DHFL debt investors unlikely to receive payment for now
A three-year bond series worth about Rs 950 crore is due to mature this week.
A three-year bond series worth about Rs 950 crore, which had attracted record bids in 2016, is due to mature this week, said three people familiar with the matter.
“As part of the debt restructuring process, banks set a cut-off date from where all payment obligations will be made only as per final approved debt resolution plan,” an executive with direct knowledge of the matter told ET.
Mutual funds of asset amangement companies, including UTI, L&T, LIC, DSP Canara Robeco and HSBC, and retail investors subscribed to DHFL’s debt papers. Some mutual funds may have exited earlier this financial year after a few large foreign banks expressed interest in owning them. Axis MF, Baroda MF and BOI AXA are among the fund houses that hold small portions of the bonds.
The home financier continues to receive about Rs 2,400 crore through monthly instalment payments from retail home borrowers.
DHFL launched two public issuances in 2016. In August that year, it had aimed to raise Rs 4,000 crore collectively against which it obtained bids for as much as Rs 19,000 crore.
DHFL and most fund houses did not reply to ET’s email queries. UTI MF confirmed its investment in such securities. Baroda, DSP and BoI could not be reached immediately. HSBC declined to comment.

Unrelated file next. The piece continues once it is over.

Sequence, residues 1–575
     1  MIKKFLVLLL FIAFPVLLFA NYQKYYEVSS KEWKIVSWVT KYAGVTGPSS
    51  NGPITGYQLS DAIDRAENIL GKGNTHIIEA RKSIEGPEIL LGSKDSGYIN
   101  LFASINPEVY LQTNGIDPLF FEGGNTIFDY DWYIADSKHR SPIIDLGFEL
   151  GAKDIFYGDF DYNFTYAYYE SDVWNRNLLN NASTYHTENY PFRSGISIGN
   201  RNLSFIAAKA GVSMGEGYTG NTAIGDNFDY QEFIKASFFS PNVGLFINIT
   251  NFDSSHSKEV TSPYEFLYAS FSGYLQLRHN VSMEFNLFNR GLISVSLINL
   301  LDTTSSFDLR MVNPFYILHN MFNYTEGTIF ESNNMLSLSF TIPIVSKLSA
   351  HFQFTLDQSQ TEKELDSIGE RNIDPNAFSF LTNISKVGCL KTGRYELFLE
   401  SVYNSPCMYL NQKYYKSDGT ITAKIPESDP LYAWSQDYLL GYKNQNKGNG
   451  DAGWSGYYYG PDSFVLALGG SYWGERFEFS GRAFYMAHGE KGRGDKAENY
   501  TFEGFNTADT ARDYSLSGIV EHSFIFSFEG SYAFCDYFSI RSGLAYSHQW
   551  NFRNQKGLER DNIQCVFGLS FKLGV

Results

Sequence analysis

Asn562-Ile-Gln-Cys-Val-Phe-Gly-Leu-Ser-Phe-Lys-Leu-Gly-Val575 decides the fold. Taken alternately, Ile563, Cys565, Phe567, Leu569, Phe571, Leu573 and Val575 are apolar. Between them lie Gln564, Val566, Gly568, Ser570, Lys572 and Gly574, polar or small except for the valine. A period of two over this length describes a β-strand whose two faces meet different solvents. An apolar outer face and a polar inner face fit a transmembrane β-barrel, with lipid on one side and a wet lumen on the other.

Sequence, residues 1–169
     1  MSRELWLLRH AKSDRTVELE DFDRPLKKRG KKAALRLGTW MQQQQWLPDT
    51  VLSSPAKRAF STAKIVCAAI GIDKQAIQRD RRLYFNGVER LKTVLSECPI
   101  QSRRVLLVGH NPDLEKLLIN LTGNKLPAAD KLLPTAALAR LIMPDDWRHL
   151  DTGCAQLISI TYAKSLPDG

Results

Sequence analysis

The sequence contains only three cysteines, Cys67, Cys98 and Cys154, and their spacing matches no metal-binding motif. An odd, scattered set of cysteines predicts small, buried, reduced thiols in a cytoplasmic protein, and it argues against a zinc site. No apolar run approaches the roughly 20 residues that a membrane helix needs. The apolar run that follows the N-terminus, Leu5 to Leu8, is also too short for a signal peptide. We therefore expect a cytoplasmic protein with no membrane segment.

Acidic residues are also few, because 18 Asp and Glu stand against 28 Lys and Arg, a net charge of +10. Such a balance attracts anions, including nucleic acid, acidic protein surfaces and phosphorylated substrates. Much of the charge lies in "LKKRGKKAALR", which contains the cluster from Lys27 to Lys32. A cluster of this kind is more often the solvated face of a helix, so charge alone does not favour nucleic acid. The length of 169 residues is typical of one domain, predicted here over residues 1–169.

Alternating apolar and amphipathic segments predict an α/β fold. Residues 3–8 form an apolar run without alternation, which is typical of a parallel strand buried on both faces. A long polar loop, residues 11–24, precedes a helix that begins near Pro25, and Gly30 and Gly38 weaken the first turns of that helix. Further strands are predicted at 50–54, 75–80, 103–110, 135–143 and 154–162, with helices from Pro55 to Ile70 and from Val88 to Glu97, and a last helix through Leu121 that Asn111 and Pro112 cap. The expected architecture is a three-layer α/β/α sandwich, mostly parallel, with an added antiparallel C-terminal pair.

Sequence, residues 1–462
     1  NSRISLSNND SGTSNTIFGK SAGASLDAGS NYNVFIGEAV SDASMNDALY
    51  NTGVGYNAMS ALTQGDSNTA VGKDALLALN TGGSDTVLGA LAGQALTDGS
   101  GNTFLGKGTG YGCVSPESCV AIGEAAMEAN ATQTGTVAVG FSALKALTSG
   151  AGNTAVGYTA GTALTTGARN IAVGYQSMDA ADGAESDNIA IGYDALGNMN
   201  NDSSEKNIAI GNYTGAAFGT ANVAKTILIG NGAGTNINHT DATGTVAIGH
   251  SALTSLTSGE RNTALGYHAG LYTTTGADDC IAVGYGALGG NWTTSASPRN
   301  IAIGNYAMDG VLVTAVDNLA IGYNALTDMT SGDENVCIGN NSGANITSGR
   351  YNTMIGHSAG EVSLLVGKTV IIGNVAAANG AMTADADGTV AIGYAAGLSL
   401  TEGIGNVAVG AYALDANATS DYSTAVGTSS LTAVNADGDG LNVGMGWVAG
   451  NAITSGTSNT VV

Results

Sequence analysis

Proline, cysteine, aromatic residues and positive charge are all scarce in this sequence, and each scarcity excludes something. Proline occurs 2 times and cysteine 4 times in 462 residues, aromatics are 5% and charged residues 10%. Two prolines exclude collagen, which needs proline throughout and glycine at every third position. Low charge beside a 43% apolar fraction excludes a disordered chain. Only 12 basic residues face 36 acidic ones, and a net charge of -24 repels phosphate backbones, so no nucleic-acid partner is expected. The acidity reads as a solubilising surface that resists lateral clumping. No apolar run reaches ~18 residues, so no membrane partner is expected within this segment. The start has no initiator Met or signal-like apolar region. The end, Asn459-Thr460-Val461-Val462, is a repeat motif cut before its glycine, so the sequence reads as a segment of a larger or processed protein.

Fund houses have mostly marked down their investments in DHFL after rating companies downgraded the company to ‘Default’ or D category.
While institutions invested in three-year papers earning 9.10 per cent, retail investors bet on them to earn 10 basis points more than the institutions.
Catalyst Trusteeship Services was the debenture trustee, which is supposed to facilitate investor interest.
DHFL last Thursday said that it wouldn’t be able to meet debt obligations that are due for payment in the immediate future as the resolution plan is still pending with creditors.
“Given the ongoing discussions on the resolution plan with the lenders who have signed the ICA (inter-creditor agreement), the company believes that its payment obligations due in the immediate future may not be met as per their existing schedule (due to the ongoing resolution),” DHFL told exchanges in a filing.
The company, battling a cash squeeze, was in the process of finalising a stake sale with four potential bidders, which has also been stalled.
“The stake sale is on hold until banks put a stamp on the proposed resolution process,” said another executive.
DHFL has been facing a liquidity crisis since September 2018 and has paid over Rs 41,000 crore in debt obligations.
A few DHFL bonds traded in the secondary market at heavily discounted prices. The yields were as high as 67 per cent in June.